My latest research project has me and a history partner looking into a nearly-forgotten Union army camp that existed near Philadelphia in 1864-65. We’ve unearthed some memorable tidbits. Let me share several.

Out of Andersonville. It turns out that almost a third of the Pennsylvania soldiers who went through the camp were fresh survivors of Andersonville, the hellacious Confederate prisoner of war stockade. As I’ve boned up generally on Andersonville, I’ve also been alert for indications of the black experience there.  Writing Embattled Freedom has left me “woke” in that way.  And the evidence is there. For instance, one soldier-survivor we’ll be profiling recalled that when he arrived at the prison in Georgia, one of the first things he saw was a collection of slaveholders’ torture devices at the ready. His prison diary, published later in life, described “thumb-screws, barbed iron collars, shackles, ball and chain” and three kinds of body-breaking stocks.  “These instruments of torture were brought from where they had evidently been used to hold slaves in obedience,” he wrote. “Our prison keepers seemed to handle them with familiarity.” Slave gangs had already been forced to clear the pine woods for the Andersonville grounds. Then they’d constructed the stockade walls around it. And as northern prisoners died of starvation and pestilence there day by day, by the thousands, slaves were made to haul the infected corpses away and bury them.

Out of Gettysburg. Because many of the soldiers we’re researching had been in the thick of the fighting at Gettysburg, we’ve delved into that battle, too. Along the way I stumbled on references to a fellow named Dr. Rufus B. Weaver. He was a youngster living in Gettysburg when the battle happened. Soon after the war Weaver’s father was contracted to exhume the bodies of slain South Carolina soldiers for reburial in the South.  When his father died suddenly, Weaver took on the task himself since he knew the location of the mass graves.  By then he was a young medical professor in Philadelphia, but he managed to juggle the tasks — and in the end identified and repatriated the remains of over three thousand individual soldiers!  That’s not all. Later in his career, Dr. Weaver gained renown  as the first person to completely dissect and expose a human “cerebrospinal” nervous system. The good person who donated her body to science to allow the dissection was one Harriet Cole — a black scrubwoman who had cleaned Dr. Weaver’s lab before dying from  TB in 1888. Harriet’s nervous system went on display at the world’s fair in Chicago in 1893, and still can be seen at the Drexel medical school in Philadelphia. Want a look? Click here.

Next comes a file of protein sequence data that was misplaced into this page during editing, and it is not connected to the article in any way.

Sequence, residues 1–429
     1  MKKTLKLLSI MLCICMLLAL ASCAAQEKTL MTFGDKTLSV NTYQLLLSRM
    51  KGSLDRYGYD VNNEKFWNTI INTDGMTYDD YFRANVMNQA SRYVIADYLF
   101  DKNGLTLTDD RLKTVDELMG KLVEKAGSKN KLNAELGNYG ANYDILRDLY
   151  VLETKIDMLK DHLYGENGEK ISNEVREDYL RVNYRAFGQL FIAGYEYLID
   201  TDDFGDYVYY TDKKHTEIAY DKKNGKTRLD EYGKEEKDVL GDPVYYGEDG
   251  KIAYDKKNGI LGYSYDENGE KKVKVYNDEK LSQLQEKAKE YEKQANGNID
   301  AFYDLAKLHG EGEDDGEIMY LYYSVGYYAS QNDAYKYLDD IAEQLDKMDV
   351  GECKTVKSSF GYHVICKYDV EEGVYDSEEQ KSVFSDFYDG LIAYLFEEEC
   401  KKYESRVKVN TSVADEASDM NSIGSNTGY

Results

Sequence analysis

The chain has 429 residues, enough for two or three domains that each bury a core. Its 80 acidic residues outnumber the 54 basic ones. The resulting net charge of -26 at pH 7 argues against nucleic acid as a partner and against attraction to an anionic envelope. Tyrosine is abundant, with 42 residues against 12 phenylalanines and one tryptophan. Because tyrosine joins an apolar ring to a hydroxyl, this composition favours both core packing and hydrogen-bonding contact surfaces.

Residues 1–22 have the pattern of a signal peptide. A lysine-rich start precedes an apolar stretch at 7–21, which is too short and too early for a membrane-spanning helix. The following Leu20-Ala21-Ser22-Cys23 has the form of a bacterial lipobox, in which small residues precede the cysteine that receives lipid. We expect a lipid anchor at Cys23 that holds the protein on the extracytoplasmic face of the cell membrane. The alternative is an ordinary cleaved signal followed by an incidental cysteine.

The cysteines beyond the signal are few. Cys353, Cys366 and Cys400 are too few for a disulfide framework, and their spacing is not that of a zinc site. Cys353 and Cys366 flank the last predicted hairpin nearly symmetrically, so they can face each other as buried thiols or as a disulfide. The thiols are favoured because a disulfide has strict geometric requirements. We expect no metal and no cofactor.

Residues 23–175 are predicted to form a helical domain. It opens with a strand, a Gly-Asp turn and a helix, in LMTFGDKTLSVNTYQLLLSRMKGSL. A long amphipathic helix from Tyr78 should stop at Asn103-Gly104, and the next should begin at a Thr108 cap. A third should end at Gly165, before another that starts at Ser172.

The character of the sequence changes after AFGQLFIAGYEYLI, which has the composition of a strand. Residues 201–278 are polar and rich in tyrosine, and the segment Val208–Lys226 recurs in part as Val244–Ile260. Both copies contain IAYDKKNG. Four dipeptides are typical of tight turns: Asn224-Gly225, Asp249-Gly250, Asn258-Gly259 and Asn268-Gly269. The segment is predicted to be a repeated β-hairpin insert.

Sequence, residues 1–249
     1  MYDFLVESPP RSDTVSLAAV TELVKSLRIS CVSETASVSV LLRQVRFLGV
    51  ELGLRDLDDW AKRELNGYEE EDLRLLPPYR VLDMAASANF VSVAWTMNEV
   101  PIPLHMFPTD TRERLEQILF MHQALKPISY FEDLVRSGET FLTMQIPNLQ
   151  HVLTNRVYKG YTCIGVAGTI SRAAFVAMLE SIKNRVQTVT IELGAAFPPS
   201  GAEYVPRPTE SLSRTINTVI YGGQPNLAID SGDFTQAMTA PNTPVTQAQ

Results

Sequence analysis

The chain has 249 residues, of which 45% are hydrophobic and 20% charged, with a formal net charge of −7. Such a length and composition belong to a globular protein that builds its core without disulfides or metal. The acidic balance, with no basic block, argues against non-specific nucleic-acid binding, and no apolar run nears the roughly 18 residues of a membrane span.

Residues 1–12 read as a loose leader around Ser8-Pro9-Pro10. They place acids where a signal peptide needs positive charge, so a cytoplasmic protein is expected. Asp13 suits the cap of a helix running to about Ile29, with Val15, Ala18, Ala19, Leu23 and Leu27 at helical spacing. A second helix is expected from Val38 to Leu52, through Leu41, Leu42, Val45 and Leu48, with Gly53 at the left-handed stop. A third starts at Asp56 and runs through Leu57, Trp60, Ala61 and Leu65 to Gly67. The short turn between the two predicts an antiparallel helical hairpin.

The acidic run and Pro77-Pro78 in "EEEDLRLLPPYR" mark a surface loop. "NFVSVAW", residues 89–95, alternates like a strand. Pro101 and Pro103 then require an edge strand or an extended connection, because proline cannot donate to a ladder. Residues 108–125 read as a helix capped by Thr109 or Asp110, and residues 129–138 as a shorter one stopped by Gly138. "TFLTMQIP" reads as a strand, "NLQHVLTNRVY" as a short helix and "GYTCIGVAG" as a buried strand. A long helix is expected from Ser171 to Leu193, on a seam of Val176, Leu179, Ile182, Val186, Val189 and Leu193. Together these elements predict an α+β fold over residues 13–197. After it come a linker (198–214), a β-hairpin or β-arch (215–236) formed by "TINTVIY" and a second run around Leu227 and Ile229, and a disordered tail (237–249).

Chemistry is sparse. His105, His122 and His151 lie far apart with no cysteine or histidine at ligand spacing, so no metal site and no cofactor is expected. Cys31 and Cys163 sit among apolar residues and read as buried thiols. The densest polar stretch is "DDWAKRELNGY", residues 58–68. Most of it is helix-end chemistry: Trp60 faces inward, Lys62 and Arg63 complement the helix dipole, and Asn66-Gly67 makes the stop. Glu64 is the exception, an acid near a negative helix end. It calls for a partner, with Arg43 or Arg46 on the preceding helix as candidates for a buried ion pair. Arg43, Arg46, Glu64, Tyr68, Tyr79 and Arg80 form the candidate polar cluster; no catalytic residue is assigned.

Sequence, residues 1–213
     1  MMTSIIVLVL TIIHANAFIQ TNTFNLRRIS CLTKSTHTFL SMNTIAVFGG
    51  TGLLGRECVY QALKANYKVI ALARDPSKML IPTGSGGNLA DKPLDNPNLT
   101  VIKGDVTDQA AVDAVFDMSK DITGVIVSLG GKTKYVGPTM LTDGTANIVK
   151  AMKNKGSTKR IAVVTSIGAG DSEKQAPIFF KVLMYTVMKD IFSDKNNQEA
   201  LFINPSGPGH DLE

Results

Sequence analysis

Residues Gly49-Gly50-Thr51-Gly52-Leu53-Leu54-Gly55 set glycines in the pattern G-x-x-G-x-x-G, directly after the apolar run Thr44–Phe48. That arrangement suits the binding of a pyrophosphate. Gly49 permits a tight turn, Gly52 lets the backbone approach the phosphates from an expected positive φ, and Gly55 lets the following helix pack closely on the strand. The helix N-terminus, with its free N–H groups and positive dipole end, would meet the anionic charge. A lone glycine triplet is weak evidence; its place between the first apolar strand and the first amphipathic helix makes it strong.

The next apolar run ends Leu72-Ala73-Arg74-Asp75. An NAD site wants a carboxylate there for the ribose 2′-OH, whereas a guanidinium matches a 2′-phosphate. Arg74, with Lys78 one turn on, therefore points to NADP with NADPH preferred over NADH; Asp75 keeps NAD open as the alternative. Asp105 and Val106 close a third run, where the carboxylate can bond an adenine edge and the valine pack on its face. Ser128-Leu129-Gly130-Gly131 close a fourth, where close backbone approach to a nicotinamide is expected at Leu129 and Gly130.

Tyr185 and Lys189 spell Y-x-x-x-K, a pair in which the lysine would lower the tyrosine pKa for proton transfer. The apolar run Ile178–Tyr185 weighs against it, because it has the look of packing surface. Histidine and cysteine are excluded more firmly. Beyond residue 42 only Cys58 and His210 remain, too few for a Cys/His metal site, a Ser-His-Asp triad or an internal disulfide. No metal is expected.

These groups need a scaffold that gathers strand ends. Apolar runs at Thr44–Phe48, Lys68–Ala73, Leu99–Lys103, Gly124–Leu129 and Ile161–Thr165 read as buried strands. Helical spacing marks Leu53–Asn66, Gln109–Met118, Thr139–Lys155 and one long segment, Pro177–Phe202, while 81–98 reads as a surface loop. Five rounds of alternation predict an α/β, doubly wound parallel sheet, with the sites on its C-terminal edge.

From Slavery to Waverly. For those of you who live in the Scranton area, there are two notable events to put on your calendars. One is a special performance of Sandra Burgette Miller’s “Tell ‘Em: One Man’s Struggle from Slavery to Waverly, Pa.,”  on Feb. 8 and 9, 7:30 p.m., at the Scranton Cultural Center, 420 N. Washington Ave. Miller describes the show as a “performance poem” about her great-great-grandfather, Thomas Burgette, who fled north on the Underground Railroad and began a new life in Waverly.  Tickets are available through Ticketmaster.  Also, the Black Scranton Project, a new archival and activist undertaking, is showcasing the city’s African American heritage with a Black History Month exhibit at the Marketplace at Steamtown, 300 Lackawanna Ave. Glynis M. Johns, the project’s founder, aims to “give recognition and reinstate two centuries of discounted contributions put forth by black residents” of the region.  Information is at blackscranton.com. I plan to attend both shows. Hope to see you there.

Book Talks. Two events are coming up for me in the next month. First is an author panel on Jan. 30, at 7:30 p.m., at Congregation Beth Am Israel, 1301 Hagys Ford Rd., Penn Valley, Pa. Then I’ll be presenting to the large Delaware Valley Civil War Round Table, on Feb. 19, 7:30 p.m.,  at the Radisson Hotel, 2400 Old Lincoln Highway, Trevose, Pa.